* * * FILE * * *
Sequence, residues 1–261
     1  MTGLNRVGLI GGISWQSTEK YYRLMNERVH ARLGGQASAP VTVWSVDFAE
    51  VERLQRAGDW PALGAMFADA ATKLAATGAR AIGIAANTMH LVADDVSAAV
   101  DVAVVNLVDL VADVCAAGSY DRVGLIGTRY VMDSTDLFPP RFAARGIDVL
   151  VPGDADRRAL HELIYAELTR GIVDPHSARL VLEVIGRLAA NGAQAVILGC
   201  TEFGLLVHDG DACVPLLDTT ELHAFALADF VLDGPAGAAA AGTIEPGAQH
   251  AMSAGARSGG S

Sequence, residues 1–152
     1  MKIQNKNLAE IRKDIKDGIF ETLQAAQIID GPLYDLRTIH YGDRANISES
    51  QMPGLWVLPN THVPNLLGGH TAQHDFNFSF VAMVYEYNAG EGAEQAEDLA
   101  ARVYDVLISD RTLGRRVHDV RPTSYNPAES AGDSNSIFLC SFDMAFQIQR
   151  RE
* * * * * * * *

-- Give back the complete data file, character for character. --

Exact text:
Sequence, residues 1–261
     1  MTGLNRVGLI GGISWQSTEK YYRLMNERVH ARLGGQASAP VTVWSVDFAE
    51  VERLQRAGDW PALGAMFADA ATKLAATGAR AIGIAANTMH LVADDVSAAV
   101  DVAVVNLVDL VADVCAAGSY DRVGLIGTRY VMDSTDLFPP RFAARGIDVL
   151  VPGDADRRAL HELIYAELTR GIVDPHSARL VLEVIGRLAA NGAQAVILGC
   201  TEFGLLVHDG DACVPLLDTT ELHAFALADF VLDGPAGAAA AGTIEPGAQH
   251  AMSAGARSGG S

Sequence, residues 1–152
     1  MKIQNKNLAE IRKDIKDGIF ETLQAAQIID GPLYDLRTIH YGDRANISES
    51  QMPGLWVLPN THVPNLLGGH TAQHDFNFSF VAMVYEYNAG EGAEQAEDLA
   101  ARVYDVLISD RTLGRRVHDV RPTSYNPAES AGDSNSIFLC SFDMAFQIQR
   151  RE